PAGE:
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Practical Problem-Solving with PROC SQL

Using PROC SQL Tables in Other SAS Procedures


You want to show the average high temperatures in degrees Celsius for European countries on a map.

Background Information

The SQL.WORLDTEMPS table has average high and low temperatures for various cities around the world.

WORLDTEMPS (Partial Output)


              City                Country           AvgHigh    AvgLow
              Algiers             Algeria                90        45
              Amsterdam           Netherlands            70        33
              Athens              Greece                 89        41
              Auckland            New Zealand            75        44
              Bangkok             Thailand               95        69
              Beijing             China                  86        17
              Belgrade            Yugoslavia             80        29
              Berlin              Germany                75        25
              Bogota              Colombia               69        43
              Bombay              India                  90        68


Use the following PROC SQL and PROC GMAP code to produce the map. You must license SAS/GRAPH software to use PROC GMAP.

options fmtsearch=(sashelp.mapfmts);

proc sql;
   create table extremetemps as
   select country, round((mean(avgHigh)-32)/1.8) as High,
      input(put(country,$glcsmn.), best.) as ID
   from sql.worldtemps
   where calculated id is not missing and country in
      (select name from sql.countries where continent='Europe')
   group by country;

proc gmap map=maps.europe data=extremetemps all;
   id id;
   block high / levels=3;
   title 'Average High Temperatures for European Countries';
   title2 'Degrees Celsius'


[PROC GMAP Output]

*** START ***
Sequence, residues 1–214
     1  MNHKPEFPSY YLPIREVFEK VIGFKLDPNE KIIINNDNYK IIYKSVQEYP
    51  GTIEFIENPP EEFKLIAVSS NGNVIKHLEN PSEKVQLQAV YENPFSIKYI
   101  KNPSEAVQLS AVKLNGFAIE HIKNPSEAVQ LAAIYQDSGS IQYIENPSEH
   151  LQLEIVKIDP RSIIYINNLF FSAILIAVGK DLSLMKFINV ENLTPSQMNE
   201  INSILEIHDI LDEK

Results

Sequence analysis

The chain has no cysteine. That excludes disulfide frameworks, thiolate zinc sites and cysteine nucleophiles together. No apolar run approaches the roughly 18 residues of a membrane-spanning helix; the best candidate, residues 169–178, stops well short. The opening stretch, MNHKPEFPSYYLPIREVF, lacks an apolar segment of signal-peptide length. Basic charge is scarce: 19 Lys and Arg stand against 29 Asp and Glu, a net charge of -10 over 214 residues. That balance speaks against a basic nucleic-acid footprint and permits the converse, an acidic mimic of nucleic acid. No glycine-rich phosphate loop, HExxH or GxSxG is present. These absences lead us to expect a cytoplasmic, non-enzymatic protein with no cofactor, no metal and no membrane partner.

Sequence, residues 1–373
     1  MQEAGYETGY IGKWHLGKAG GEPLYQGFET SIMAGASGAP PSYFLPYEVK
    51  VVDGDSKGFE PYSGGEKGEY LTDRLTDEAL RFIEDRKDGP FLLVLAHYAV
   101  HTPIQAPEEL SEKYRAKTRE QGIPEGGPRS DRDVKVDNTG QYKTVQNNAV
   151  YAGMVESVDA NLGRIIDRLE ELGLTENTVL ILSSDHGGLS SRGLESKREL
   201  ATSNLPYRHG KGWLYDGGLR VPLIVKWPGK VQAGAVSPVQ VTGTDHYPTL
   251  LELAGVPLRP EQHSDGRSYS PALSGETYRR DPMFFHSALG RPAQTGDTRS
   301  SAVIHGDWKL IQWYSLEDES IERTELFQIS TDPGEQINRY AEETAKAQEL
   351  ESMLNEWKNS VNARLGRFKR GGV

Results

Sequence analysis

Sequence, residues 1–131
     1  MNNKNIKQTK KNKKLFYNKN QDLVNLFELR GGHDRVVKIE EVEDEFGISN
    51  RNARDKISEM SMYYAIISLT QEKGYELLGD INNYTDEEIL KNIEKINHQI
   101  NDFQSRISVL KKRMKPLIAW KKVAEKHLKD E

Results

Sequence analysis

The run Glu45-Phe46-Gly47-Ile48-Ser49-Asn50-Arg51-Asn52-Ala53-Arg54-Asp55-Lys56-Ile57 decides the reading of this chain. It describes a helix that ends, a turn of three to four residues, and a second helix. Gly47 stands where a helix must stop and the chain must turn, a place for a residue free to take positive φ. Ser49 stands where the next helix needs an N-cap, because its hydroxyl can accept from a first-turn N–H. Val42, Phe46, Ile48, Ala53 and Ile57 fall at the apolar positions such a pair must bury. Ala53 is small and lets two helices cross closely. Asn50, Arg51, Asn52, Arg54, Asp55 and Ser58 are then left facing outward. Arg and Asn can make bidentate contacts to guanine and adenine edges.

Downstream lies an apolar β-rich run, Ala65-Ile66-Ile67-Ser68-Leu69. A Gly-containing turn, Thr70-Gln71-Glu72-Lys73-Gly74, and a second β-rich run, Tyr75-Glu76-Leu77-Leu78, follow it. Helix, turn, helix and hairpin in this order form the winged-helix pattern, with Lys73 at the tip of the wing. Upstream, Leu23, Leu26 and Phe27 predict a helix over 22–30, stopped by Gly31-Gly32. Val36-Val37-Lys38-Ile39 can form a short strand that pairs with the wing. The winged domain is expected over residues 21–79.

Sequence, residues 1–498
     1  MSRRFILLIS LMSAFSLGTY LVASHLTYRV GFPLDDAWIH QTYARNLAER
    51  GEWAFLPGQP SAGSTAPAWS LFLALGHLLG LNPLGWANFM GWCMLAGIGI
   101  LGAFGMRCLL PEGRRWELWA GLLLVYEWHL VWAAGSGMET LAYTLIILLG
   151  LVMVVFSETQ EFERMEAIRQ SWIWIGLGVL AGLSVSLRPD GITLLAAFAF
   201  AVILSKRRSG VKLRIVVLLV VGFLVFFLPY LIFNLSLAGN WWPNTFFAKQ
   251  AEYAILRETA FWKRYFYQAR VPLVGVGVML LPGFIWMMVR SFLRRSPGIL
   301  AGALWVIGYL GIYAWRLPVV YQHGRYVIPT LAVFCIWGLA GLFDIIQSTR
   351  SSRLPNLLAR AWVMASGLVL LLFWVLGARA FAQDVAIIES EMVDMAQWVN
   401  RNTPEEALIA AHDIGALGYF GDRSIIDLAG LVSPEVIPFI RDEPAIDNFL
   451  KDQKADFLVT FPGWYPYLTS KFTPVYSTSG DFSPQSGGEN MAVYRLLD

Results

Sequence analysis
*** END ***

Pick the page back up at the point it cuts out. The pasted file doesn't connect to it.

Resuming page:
How It Works

The SAS system option FMTSEARCH= tells SAS to search in the SASHELP.MAPFMTS catalog for map-related formats. In the PROC SQL step, a temporary table is created with Country, High, and ID columns. The calculation round((mean(avgHigh)-32)/1.8) does the following:

  1. For countries that are represented by more than one city, the mean of the cities' average high temperatures is used for that country.

  2. That value is converted from degrees Fahrenheit to degrees Celsius.

  3. The result is rounded to the nearest degree.

The PUT function uses the $GLCSMN. format to convert the country name to a country code. The INPUT function converts this country code, which is returned by the PUT function as a character value, into a numeric value that can be understood by the GMAP procedure. See SAS Language Reference: Dictionary for details about the PUT and INPUT functions.

The WHERE clause limits the output to European countries by checking the value of the Country column against the list of European countries that is returned by the in-line view. Also, rows with missing values of ID are eliminated. Missing ID values could be produced if the $GLCSMN. format does not recognize the country name.

The GROUP BY clause is required so that the mean temperature can be calculated for each country rather than for the entire table.

The PROC GMAP step uses the ID variable to identify each country and places a block representing the High value on each country on the map. The ALL option ensures that countries (such as the United Kingdom in this example) that do not have High values are also drawn on the map. In the BLOCK statement, the LEVELS= option specifies how many response levels are used in the graph. For more information about the GMAP procedure, see SAS/GRAPH: Reference.

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